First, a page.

The answer may be both. You may want to initially start with paper files and move to computer genealogy or, depending on the nature of your primary records, you may wish to preserve certain documents and photographs for future generations.
Personally, I use both. I like having the original documents stored in a file cabinet for comparison sake, but I back up all my records and photographs on computer and back up the computer data again. In essence, I have three sets of records.
That said, computerizing your genealogy brings with it several advantages. It takes the place of massive amounts of paper and reduces the footprint of having to store all that data in bulky, large file cabinets. The computer also provides a space in which to neatly combine your genealogical pedigrees, your photographs, your videos, and your family stories in an organized fashion. And, if you use a laptop, your entire ancestry is available in a nice portable vehicle that you can transport to libraries, genealogical societies, or state archives where documents are not available online.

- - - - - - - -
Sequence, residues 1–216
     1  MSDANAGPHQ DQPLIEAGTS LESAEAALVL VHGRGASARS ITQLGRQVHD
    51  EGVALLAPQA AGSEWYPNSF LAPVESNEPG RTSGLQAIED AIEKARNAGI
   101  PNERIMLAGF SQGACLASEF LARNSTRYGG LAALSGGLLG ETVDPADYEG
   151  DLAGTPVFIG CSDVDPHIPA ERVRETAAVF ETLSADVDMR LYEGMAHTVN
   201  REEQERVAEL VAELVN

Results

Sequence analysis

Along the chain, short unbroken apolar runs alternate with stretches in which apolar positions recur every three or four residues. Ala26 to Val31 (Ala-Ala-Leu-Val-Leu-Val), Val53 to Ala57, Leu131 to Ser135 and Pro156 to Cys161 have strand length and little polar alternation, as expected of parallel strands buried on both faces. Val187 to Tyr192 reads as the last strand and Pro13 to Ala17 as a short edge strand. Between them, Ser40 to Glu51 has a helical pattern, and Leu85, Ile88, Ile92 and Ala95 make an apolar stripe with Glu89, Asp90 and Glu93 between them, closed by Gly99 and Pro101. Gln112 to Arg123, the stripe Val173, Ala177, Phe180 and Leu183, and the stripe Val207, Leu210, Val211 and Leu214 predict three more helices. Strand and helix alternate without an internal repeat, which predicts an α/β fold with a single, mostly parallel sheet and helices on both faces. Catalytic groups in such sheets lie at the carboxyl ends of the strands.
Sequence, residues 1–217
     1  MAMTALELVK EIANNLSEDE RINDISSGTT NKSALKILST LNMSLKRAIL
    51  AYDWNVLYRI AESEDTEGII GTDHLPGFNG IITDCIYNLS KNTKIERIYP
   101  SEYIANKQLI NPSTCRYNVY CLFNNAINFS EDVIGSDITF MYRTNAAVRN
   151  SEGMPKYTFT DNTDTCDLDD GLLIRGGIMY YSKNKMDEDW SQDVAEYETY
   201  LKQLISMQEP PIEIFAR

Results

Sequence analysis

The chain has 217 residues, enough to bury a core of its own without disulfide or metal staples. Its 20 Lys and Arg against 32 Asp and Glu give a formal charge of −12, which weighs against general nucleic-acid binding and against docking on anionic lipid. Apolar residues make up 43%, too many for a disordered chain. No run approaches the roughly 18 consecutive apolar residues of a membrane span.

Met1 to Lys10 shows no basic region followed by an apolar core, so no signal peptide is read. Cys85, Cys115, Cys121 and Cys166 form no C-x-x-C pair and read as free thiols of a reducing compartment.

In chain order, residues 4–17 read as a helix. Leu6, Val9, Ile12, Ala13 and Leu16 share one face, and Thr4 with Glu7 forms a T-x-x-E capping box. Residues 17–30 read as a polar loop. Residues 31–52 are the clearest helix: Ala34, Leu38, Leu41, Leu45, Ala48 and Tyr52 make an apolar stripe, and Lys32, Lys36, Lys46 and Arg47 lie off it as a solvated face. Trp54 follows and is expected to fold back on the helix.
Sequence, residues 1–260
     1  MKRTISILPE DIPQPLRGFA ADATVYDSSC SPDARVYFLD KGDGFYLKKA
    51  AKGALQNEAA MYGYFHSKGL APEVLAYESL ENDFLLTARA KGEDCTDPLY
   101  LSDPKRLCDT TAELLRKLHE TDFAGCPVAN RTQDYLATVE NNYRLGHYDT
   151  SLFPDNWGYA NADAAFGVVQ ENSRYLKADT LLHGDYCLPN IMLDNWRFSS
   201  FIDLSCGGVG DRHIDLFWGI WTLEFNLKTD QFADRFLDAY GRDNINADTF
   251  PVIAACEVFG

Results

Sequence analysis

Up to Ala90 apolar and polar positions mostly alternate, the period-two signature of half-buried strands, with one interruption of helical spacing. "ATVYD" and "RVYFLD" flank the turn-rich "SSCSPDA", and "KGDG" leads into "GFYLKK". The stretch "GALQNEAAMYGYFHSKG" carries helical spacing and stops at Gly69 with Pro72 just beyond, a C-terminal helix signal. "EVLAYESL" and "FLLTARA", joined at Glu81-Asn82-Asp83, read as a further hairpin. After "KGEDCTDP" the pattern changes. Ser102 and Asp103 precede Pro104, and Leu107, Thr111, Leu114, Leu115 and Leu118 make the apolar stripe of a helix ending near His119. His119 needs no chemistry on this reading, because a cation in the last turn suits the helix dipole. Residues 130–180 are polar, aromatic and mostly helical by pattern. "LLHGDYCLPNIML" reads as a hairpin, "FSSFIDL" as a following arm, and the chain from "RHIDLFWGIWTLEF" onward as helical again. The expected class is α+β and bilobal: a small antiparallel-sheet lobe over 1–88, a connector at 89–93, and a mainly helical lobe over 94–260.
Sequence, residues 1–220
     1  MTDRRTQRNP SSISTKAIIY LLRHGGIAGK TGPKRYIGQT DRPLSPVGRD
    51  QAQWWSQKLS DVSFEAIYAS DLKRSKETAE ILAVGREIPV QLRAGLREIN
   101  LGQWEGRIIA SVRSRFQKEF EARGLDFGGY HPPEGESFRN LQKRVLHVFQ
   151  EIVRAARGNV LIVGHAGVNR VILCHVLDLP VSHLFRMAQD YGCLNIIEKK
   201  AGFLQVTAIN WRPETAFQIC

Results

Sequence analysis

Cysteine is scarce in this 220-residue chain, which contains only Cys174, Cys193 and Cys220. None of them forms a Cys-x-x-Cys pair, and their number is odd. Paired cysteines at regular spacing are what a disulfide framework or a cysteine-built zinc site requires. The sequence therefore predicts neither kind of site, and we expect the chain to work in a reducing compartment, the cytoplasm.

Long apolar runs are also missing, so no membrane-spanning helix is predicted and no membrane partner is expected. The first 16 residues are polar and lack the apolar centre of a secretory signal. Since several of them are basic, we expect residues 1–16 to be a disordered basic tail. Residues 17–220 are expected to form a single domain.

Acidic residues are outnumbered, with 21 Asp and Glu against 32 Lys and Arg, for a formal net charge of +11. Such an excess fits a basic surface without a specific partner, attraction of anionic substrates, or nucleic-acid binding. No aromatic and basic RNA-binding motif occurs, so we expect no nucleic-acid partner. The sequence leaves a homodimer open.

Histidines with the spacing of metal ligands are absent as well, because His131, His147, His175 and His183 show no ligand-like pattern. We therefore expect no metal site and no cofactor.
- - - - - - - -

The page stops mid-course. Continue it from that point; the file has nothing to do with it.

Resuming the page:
The computer also opens up the world of internet genealogy. Amateur genealogists and family historians gain access to records previously unavailable to them. Genealogical forums help reconnect families and sort out pedigree problems. Website development creates a new media to display family history and share ancestry among relatives.
So, is computer genealogy for you? Yes, it just makes sense. Computers are much more affordable and you can safely keep your ancestral records on your preferred storage device or post to your own website. With backups of your ancestry, it's a no brainer. Computerized genealogy is the way to go.